• 1/3 cup olive oil

What to do:

  1. Make the sponge by disolving the yeast in the water and adding the 2/3 cup of flour. Mix well, and then let sit for about 30 minutes until it is “quite bubbly”.
  2. Mix together the other dry ingredients (white, whole wheat and rye flours and salt) in a separate bowl. Now add a cup of this dry mixture to the sponge along with a cup of cold water. Mix thoroughly and let sit another 30 minutes.
  3. Add the rest of the dry ingredients and the olive oil and mix by hand, or using a mixer with a dough hook, then knead about 5 minutes until the dough is soft and elastic. You want a “soft, slightly sticky” dough so add a little more flour if necessary, but not too much. 
  4. Place the dough in an oiled large bowl and cover with a towel. Put in a warm place until the dough has doubled in size, or about 2 hours. (At high altitude, this will take far less time. It took about 45 minutes for me. Someone concerned with the flavor of the bread could punch the dough and let rise again for another 45 minutes. Or, if you’re hungry, just use it after the first rise– it will still work fine.) 
  5. Punch down the dough and divide into portions– I separated my dough into 6 balls for the pizzettas– and smooth into nice round spheres. Alice recommends wrapping each ball in plastic and letting rest at room temperature for about an hour before shaping. I didn’t do this, however, and it worked out fine.
  6. Either roll out the dough balls to make a pizzetta, or you can store individually wrapped dough balls in the freezer. Just take them out and thaw in the refrigerator the night before.

Chana (Gobi) Masala


Indian food confounds me. There are so many spices that,  I don’t really have much experience with. With that in mind, I set out to find a good recipe with which to make Chana (Chickpea) Masala.

I tried one from Nirvana’s Kitchen which was pretty tasty. It has you flavor the cooking oil with whole cloves, cardamom pods and cinnamon sticks before you start cooking which lends a subtle, but tasty Indian flavor to the dish. The very next week, Smitten Kitchen posted a chana masala recipe, and was quickly tested over at Serious Eats. Those versions both hail from Madhur Jaffrey‘s Indian cookbooks and so are not terribly different.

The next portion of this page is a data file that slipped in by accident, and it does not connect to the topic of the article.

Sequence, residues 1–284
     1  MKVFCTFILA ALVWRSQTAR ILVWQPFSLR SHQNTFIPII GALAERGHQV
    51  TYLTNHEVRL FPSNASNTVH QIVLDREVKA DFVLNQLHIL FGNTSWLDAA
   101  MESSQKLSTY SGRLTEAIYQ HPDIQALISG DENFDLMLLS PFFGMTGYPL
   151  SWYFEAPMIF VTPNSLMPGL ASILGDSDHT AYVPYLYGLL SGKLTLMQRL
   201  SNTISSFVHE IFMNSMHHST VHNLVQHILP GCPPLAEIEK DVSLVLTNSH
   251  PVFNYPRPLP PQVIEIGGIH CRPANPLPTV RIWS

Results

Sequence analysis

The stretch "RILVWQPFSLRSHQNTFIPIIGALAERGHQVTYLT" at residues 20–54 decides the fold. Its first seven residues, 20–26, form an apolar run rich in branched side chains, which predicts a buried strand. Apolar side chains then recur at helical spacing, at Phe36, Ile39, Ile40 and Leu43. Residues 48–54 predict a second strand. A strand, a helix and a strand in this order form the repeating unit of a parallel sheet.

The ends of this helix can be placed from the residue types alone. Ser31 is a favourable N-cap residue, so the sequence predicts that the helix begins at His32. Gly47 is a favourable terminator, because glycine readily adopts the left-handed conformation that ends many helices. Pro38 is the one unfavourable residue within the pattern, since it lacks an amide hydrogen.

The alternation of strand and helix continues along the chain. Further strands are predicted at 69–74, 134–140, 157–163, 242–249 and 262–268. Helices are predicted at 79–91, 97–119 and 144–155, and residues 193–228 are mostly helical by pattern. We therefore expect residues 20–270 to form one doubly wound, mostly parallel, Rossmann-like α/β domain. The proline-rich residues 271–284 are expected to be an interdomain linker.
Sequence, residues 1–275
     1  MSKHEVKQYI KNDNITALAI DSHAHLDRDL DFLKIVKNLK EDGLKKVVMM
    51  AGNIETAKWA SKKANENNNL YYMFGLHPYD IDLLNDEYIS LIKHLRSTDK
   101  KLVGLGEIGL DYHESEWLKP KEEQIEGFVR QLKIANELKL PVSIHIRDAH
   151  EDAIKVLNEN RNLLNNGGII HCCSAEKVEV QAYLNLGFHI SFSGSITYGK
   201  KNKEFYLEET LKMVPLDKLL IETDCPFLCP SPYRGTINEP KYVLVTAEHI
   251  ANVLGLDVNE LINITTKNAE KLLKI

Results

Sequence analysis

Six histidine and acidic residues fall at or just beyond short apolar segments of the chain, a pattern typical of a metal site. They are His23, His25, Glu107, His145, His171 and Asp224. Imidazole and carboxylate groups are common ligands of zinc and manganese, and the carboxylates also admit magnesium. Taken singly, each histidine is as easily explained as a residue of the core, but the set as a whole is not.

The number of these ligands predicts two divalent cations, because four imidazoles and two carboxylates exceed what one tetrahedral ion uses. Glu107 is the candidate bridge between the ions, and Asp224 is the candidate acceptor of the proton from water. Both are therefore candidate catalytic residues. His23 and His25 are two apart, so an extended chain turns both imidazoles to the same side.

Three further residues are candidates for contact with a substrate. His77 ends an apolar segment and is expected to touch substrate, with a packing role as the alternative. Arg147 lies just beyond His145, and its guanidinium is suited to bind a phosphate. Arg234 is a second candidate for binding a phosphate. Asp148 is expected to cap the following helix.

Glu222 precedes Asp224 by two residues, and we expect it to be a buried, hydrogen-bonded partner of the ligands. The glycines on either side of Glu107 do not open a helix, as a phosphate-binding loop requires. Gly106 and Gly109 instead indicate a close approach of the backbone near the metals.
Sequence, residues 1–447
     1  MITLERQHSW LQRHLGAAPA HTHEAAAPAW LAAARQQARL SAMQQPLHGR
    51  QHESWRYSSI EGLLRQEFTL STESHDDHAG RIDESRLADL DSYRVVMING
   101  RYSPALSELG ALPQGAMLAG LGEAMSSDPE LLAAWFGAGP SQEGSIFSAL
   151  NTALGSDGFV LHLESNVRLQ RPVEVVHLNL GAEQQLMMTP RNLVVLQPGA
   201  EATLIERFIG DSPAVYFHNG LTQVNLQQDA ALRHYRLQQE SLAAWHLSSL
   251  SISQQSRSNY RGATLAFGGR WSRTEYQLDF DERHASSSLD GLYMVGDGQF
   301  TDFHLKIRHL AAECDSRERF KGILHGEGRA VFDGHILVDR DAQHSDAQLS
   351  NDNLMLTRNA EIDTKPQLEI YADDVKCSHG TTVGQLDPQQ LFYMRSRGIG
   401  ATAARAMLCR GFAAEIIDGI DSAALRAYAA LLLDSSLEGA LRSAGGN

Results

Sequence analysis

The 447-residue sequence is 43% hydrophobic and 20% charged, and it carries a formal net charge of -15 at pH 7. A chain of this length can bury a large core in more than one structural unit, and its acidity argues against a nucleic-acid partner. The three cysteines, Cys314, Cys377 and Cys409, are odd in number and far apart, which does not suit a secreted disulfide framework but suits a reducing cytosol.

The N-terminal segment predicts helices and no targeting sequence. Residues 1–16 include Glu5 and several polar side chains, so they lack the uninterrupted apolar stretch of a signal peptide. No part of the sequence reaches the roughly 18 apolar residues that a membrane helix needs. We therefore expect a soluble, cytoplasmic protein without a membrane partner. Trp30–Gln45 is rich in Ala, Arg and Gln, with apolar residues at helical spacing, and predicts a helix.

Today I did my best to put together a recipe that took the best parts from both, added some cauliflower for a little texture and and came up with something pretty good, but I think someday it could be better.

2 Tablespoons of vegetable oil or ghee
2 cinnamon sticks
5 cardamom pods
5 cloves
1 medium onion, chopped
1 cup cauliflower, chopped
1 garlic clove, minced
2 teaspoons fresh, grated ginger (I used dried, but think fresh would be MUCH better)
1 fresh, hot green chili pepper, minced
1 tablespoon ground coriander
3 teaspoons ground cumin
1/2 teaspoon ground cayenne pepper (taste to make sure your hot pepper isn’t too much first_
1 teaspoon ground turmeric
2 teaspoons paprika
2 teaspoon garam masala
2 cups tomatoes, chopped small or 1 15-oz. can of whole tomatoes with their juices, chopped small
2/3 cup water
1 25 oz. can of chickpeas, drained (or 4 cups cooked chickpeas)
1/2 teaspoon salt
1/2 lemon (juiced) (or use amchoor powder which I don’t have)

What to do:

  1. Put the oil in a large pan (I used our wok pan) and heat on low heat. And add the cloves, cinnamon and cardamom seeds and stir around. Let steep for a few minutes and then remove the spices
  2. Add the onions, cauliflower and jalapeno to the oil and cook on medium heat until the onions are translucent. 
  3. Add the spices to the oil and stir. Cook about a minute and then add the tomatoes and the chickpeas. 
  4. Cook about 15 minutes until the flavors meld. If you want to, put a dollop of plain yogurt into the mix (about 1/2 cup) while the flavors are developing for a slightly creamier consistency
  5. Serve with rice or whole wheat naan.